Set to an eclectic mix of rock and dance music from Guns N’ Roses, The Doors, Michael Jackson, Justin Timberlake and others performed live by the NPB band, the emotional ballet stars Strukely-Dziak and her 9-year-old autistic son Lucas and looks back on their lives at the genesis of North Pointe Ballet. In addition to the pair, the cast will include NPB company and student ensemble dancers as well as performers from Lorain’s Spectrum Resource Center & School.

“The ballet and the program are a reflection of what North Pointe Ballet is all about” says Strukely-Dziak. “We are all in this together; let’s share our love of dance with everyone”.

North Pointe Ballet presents encore performances of What’s Your Why?, 7 p.m., Saturday, March 14 and 2 p.m., Sunday, March 15; Lorain Palace Theater, 617 Broadway Ave., Lorain, OH. Tickets are $15-20 and available at northpointeballet.org, lorainpalace.org or by calling (440) 245-2323.

Steve Sucato is a former dancer turned arts writer/critic. He is Chairman Emeritus of the Dance Critics Association and Associate Editor of ExploreDance.com.

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Compagnie Hervé KOUBI’s ‘What the day owes to the night’ takes Audience on an Unforgettable Dance Journey [REVIEW]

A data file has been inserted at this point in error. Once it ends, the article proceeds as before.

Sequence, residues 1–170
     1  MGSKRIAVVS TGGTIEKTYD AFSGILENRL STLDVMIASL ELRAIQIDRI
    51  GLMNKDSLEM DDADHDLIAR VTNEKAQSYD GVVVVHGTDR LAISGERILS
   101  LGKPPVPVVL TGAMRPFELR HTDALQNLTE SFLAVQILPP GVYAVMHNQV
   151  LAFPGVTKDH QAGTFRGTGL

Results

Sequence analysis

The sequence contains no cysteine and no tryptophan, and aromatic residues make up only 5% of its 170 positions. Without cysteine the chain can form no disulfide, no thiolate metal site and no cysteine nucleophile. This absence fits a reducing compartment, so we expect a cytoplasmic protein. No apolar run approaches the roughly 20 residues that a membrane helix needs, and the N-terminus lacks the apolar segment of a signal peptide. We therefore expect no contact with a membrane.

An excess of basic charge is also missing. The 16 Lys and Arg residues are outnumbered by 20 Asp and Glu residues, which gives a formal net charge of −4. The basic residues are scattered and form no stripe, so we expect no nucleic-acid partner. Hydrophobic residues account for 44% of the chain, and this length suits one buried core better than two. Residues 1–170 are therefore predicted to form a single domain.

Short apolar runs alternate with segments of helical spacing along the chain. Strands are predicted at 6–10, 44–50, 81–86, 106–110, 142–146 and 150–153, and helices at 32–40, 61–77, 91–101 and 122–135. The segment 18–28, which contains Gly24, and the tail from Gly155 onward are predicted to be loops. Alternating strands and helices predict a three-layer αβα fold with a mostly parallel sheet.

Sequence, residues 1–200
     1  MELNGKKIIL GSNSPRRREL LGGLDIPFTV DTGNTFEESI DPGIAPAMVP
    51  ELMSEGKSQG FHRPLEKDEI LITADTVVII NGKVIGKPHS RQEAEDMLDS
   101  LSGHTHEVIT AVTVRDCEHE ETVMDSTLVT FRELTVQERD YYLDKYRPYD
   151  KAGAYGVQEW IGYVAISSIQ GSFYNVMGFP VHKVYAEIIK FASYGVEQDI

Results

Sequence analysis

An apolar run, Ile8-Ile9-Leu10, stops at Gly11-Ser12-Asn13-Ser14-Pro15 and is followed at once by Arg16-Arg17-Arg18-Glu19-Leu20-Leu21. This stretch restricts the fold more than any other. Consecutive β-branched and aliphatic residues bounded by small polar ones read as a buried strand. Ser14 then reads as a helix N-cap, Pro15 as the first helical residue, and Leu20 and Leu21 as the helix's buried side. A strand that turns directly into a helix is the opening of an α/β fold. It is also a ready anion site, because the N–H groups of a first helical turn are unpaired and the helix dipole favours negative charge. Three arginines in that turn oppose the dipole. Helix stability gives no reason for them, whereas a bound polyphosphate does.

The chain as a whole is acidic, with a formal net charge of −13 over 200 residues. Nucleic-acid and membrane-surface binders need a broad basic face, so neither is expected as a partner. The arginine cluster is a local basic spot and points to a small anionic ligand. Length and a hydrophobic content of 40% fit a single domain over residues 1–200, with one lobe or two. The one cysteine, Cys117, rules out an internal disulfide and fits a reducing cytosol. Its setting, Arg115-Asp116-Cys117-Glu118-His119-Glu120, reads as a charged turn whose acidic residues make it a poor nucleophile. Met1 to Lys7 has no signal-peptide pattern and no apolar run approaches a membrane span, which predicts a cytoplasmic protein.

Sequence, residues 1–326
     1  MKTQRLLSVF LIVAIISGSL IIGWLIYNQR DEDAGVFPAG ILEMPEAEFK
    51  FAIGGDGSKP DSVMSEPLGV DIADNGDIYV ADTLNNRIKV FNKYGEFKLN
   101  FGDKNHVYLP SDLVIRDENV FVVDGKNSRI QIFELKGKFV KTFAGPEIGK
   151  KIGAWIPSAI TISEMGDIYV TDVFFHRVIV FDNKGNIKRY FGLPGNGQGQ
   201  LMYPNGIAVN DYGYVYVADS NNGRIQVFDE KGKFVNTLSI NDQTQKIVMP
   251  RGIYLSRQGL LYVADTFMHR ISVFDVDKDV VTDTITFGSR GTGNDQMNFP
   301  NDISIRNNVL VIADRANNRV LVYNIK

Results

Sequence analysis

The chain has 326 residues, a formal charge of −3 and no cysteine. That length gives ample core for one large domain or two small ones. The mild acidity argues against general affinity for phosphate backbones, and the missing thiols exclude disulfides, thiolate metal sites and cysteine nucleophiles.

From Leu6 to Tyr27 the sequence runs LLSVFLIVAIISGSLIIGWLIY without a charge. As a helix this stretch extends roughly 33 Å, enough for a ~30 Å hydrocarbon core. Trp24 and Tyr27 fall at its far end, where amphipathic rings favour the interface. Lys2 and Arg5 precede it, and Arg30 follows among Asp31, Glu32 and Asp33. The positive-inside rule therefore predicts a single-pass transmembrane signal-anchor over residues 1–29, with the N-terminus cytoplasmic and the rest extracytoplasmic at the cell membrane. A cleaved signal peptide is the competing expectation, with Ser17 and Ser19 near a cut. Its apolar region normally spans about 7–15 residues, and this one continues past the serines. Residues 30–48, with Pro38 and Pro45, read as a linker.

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Compagnie Hervé KOUBI in “What the day owes to the night.” Photo by Karim Amar.

Reviewed by Steve Sucato

The second to last production of DANCECleveland’s 2019-2020 season, French troupe Compagnie Hervé KOUBI arrived in Cleveland to a sold-out show last Saturday, February 15 at Playhouse Square’s Mimi Ohio Theatre.  Those attending got what they came for as the all-male company (for this production) of 15 mostly former street dancers from Algeria, Morocco France, Italy, Israel and Slovenia eagerly lived up to audience expectations in a dazzling performance of choreographer Hervé Koubi’s 2013 work What the day owes to the night.

Presented by DANCECleveland and Tri-C Performing Arts, What the day owes to the night gets its title and a bit of inspiration from Algerian writer Yasmina Khadra’s 2010 novel of the same name about a boy moved from one family to the next. Koubi, who grew up in Cannes, France, took that idea and applied it to his own personal journey of discovery of his Algerian heritage that the abstract contemporary dance piece explores. Anchored in capoeira, gymnastics, parkour and breakdance movement, What the day owes to the night took the audience along for a ride of extremes in athleticism and grace.